Now, that may all be on the cusp of dramatic change as a wave of additional regulations and a burst of new competition combine to alter the city’s taxi landscape. D.C. cabbies, always a cranky bunch, now waver between outrage and despair. Their incomes, they say, have plummeted, and the new rules could force them to leave the business.
The D.C. Council last week approved an overhaul of taxi regulations aimed at modernizing a business that council members said has failed for decades to provide efficient, safe transportation. Ron Linton, chairman of the D.C. Taxicab Commission, says the goal is to finally ensure that all D.C. cabs be late-model vehicles that are painted in one identifiable color, accept credit cards and use modern technology to keep drivers honest.
But on the city’s streets, the slowly churning wheels of regulation can barely keep pace with swift changes in how people get around — in the sleek black sedans of the Uber service, a California-based taxi service that doesn’t operate under taxi rules, and in the city’s aging cabs, where life, drivers say, has become a catalogue of miseries.
Capitol Hill to
Larry Frankel has been hacking on D.C. streets for 17 years. The 2003 Mercury Grand Marquis he leases has 156,060 miles on it, but the ride is smooth and the interior immaculate.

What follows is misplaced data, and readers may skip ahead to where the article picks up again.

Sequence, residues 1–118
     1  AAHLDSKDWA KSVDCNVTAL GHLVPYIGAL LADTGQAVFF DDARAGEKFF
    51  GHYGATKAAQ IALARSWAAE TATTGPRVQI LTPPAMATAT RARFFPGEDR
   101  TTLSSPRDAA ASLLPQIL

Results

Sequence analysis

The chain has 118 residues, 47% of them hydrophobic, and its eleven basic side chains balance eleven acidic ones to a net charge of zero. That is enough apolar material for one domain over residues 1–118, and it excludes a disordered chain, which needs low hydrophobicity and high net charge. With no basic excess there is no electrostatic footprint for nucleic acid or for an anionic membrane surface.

Frankel, 59, his salt-and-pepper hair in a boyish shag, used to work five days a week, eight or 10 hours a day. But over the past few years, as the city switched from the zone fare system to meters, his income dropped by about 30 percent, he says. To make ends meet, he drives seven days a week, often for 12 to 14 hours at a stretch.
“Cabdrivers working 10 to 12 hours a day don’t tend to be very pleasant,” says Frankel, who loves to chat with passengers.
Frankel used to lease a newer car every two years. Now, he says, he can’t afford any change. “With less income, we can’t replace or repair our cars,” he says, “so, yes, the customer notices the cabs are getting worse.”
Three years ago, after his income dropped from about $200 a day under the zone system to less than $150 a day, Frankel had to take in two roommates at his house near RFK Stadium. “I’m 59 years old, and I’ve never had roomies in my life,” he says.
to Penn Quarter, $17
Roger Whyte, 26, an event planner, waits in his apartment building for his 10 a.m. ride to D.C. Superior Court for jury duty. He could have walked five blocks to the U Street Metro station, but the mercury is pushing into the 80s, and his perfectly pressed pink dress shirt is on the line.